Animal Crossing: New Horizons became incredibly popular as people started to abandon their real-life chores for in-game chores, chopping trees and crafting bridges for their personalized island villages. Players were even able to visit their friends’ islands at their leisure, creating an opportunity for much-needed connection and interaction.
The gaming industry also partnered with the World Health Organization to launch the #PlayApartTogether campaign. Through the campaign, gaming companies provided benefits and incentives to players that they normally wouldn’t have. This was done to encourage people to stay at home and play games, rather than going outside where they might put themselves or others at risk of infection.
We Used Media and Entertainment to Advocate for Racial Justice
The death of George Floyd was a shameful reminder of police brutality and racial injustice in the Unites States. Outraged, people took to the streets – and their content – to advocate for social change. Artists wrote and recorded new music to express complex and timely emotions, and content distributors did their part by highlighting stories to amplify these messages.
Spotify released a 4-hour long Black Lives Matter playlist spanning 60 unique songs. They even distributed a very pointed news release outlining their dedication to fighting against racial injustice. Netflix undertook a similar approach, releasing a Black Lives Matter collection of films, series, and documentaries that showcase stories about the Black experience in America.
Politics Became the Most Immersive, Pervasive, and Consequential Entertainment Experience
The Trump-Biden standoff was probably one of the most dramatic, divisive, and polarizing elections we have ever witnessed. Whether you voted Democrat, Republican, or if you didn’t vote at all, you definitely have an opinion on the current state of American politics.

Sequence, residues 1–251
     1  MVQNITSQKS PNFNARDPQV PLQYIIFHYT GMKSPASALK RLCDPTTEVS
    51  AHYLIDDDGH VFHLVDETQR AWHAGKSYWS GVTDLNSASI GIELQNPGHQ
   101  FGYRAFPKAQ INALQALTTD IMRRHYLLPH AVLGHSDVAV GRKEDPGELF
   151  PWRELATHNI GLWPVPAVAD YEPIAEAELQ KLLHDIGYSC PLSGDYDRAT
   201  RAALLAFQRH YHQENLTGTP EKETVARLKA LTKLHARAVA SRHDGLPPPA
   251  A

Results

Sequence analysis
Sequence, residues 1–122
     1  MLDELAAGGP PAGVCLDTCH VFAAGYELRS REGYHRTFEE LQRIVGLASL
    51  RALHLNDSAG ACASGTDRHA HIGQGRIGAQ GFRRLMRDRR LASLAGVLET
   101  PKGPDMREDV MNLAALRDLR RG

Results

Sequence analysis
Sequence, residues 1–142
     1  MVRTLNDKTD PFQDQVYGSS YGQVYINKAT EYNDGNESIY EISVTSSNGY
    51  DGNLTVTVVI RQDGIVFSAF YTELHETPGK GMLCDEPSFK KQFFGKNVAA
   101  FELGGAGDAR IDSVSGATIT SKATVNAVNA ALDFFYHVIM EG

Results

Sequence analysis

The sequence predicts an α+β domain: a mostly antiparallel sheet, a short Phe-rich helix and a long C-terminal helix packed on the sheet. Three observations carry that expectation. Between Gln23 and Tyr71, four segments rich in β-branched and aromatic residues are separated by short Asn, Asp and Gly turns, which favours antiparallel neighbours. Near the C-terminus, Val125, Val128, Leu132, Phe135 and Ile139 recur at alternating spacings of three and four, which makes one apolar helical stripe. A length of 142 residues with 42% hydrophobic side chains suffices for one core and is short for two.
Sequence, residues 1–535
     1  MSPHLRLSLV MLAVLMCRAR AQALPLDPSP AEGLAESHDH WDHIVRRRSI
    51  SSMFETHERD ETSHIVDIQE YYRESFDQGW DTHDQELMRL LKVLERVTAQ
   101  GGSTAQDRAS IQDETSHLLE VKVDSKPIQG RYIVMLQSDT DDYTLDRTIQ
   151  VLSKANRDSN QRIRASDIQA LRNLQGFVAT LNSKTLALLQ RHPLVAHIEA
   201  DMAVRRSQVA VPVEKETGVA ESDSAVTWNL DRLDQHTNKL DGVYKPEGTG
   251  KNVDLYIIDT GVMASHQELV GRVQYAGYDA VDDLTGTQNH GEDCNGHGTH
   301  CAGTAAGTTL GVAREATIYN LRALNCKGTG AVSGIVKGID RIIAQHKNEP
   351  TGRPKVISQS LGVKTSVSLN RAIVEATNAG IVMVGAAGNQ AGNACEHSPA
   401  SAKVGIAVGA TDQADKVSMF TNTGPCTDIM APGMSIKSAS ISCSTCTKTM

Every news channel you flipped through seemed to be sharing some new piece of information that was going to make you feel better about your political affiliation, or make you feel more agitated by the opposition. Every website you clicked on streamed the Presidential debates. Politicians even took to Twitch, leveraging video games to encourage people to vote.
It was so hard to ignore because the politics was everywhere, on every channel, in every medium, and the stories on either end of the political spectrum were absolutely baffling. But unlike Tiger King, this wild and crazy sequence of events was going impact international relations and the global economy. The most immersive, pervasive, and consequential entertainment experience of 2020 was the US election.Embed from Getty Images
Where Does All of This Leave Us Now?
Before you go ahead and say, “I can’t wait for 2020 to be over,” remind yourself that a lot of these issues are not going anywhere, at least not anytime soon. That aside, it’s important to recognize that necessity is the mother of invention, and we’ve definitely observed that in this year. We’ve seen that in how we’ve adapted our daily lives, and how we’ve come up with new and novel ways to stay connected to one another.
As we make it through another year, perhaps under slightly less dire circumstances, I suspect the urge to innovate will slow down as we ease back into some sense of normalcy, and we start craving for what was once familiar to us. On the other hand, perhaps this is just the beginning, and the real innovation is about to begin. After all, what’s normal now, anyway?